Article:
You have gadget that will shift by the truck-load when it is released, thus leading to the fact that you can charge what the f**k you like for this highly prized piece of kit, because the fans will fall over themselves to buy it, no matter the cost. Apple doesn't do cut price deals, this is the price, take or leave it.
Which means if Steve decided to buy the entire factory that made these things, not just the machines, he'd still be quids in. What's $30m of machines compared to making $20m per nano-second in world sales when it comes out!
There is limited supply of the curved screens and Apple has *big* launches (much bigger than the other phones that have used a curved screen).
Apple could risk supply problems at launch, sign big long term contracts to some firms (which would allow them to commit to the investment needed) or they could give them the machines, I expect with a proviso that Apple owns the machines and they are only to be used for Apple contracts.
It's a way of controlling the market, ensuring exclusivity and guaranteeing (their own) supply. The normal approach would be to sign commited contracts with suppliers which would ensure they could invest in the machines needed. But whats to stop them selling similar screens to someone else ocne they've satisfied Apple's order?
I think it all makes perfect sense and is obvious; The iPhone 5 will be made with both flat and curved screens. Apple have, since the success of the Retina Display, been trying to put the "eye" back into iPhone. Having searched patent libraries, current research papers and technology journals for ideas on how to improve the viewing experience on the next generation iPhone, they came accross an article by a Mr. J. Carrott in which he expounds the benefits and virtues of the prescription car windscreen. Apple thave borrowed that idea and applied it to the iPhone. People who wear glasses will be able to have their iPhone 5 built with screens which match their glasses prescription so that they won't need to wear their glasses while using the iPhone 5. Thus they would get a more natural user experience without the hindrance and interference of glasses coming between the iPhone and the user. Hence the new iPhone 5 will be available both with a flat screen for people with good eyesight and with curved prescription screens for people with less than optimal eyesight.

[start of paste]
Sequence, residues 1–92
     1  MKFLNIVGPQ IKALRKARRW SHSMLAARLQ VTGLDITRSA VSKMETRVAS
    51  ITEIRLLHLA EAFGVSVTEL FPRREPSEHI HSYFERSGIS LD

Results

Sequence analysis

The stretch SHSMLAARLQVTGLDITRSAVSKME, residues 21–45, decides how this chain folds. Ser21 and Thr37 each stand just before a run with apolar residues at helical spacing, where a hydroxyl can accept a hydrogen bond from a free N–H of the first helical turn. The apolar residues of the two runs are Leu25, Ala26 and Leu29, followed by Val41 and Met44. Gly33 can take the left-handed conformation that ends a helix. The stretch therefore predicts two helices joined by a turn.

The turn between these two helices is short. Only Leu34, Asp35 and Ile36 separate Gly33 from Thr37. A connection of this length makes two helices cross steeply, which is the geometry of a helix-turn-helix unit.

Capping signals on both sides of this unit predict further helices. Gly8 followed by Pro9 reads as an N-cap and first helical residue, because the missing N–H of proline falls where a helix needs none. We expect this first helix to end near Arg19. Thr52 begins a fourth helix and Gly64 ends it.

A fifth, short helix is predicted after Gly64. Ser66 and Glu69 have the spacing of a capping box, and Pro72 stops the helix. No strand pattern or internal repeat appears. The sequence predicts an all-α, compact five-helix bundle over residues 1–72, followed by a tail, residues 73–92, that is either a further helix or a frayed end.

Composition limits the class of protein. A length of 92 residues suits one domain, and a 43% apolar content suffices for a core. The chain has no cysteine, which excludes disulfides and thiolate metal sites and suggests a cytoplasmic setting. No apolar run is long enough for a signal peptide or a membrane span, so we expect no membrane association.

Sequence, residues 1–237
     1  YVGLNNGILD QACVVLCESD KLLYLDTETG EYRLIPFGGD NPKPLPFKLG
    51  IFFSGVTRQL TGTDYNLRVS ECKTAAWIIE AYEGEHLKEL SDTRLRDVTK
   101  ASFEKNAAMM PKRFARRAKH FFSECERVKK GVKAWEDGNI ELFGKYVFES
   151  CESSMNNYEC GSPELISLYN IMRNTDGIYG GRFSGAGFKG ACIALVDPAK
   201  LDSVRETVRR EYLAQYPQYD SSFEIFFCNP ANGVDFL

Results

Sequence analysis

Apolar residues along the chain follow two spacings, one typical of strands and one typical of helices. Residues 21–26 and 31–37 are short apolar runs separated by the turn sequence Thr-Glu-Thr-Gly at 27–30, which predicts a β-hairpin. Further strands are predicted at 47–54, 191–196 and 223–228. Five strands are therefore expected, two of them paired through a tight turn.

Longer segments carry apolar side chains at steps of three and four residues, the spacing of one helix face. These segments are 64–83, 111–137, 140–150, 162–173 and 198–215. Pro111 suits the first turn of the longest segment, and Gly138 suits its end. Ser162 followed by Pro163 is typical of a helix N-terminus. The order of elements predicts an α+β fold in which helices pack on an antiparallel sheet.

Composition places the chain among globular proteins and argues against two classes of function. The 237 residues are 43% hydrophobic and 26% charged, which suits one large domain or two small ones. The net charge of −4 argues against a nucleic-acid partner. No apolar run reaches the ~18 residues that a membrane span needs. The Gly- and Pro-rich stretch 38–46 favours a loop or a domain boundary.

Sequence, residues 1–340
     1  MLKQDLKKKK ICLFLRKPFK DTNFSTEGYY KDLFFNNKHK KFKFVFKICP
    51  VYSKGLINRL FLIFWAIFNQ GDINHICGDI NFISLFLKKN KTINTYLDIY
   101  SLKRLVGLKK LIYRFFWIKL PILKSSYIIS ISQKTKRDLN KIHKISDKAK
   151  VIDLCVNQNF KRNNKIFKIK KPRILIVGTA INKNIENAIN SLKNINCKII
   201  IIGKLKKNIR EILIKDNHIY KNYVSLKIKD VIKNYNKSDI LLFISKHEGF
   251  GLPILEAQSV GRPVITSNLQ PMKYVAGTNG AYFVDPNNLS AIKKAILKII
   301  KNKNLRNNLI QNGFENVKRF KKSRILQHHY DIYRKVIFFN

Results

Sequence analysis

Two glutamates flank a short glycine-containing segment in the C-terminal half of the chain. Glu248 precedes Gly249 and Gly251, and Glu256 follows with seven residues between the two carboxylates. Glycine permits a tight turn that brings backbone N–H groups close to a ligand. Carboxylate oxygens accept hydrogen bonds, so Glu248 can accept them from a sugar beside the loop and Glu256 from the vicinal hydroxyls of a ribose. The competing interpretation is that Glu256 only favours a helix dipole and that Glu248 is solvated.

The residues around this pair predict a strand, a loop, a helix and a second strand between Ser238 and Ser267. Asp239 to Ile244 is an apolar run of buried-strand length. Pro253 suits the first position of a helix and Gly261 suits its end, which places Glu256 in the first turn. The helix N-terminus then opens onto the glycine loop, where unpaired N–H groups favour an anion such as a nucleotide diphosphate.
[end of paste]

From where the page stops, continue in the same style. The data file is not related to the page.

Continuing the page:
Naturally purchasers of the new iPhone with the prescription screen won't want to wait for their personalised phone to be made and indeed Apple wouldn't want to leave itself open to accusations of discrimination due to the prescription screen versions not being immediately available on the high street. So with the release of the new eyePhone all iStores will have an instore machine for manufacturing the prescription screen. Thus a potential purchaser will be able to walk into the store hand over their glasses prescription and watch as an eyePhone screen is manufactured to their personal specification and fitted to their new eyePhone, This explains why Apple is buying the machines to manufacture the curved screens, one for each of their stores.
All fairly obvious when you think about it.
I stand corrected, thank you to dave 93; It was indeed Billy Connolly with the prescription windscreen and now that you say it all comes back to me.
Failing eyesight and a failing memory, to cope with now, so it seems... If only there was an App for that... no hope of the eyePhone coming to my rescue either.
As some people have almost suggested, convex screens help the user to handle glare, since reflected light appears as a line (single axis curvature) or a point (two axis curvature). In either case a slight tilt will reveal whatever is under the reflected light.
There is a joke here about fanbois rapidly rotating their wrists back and forth, the completion of which I leave as a problem for the reader.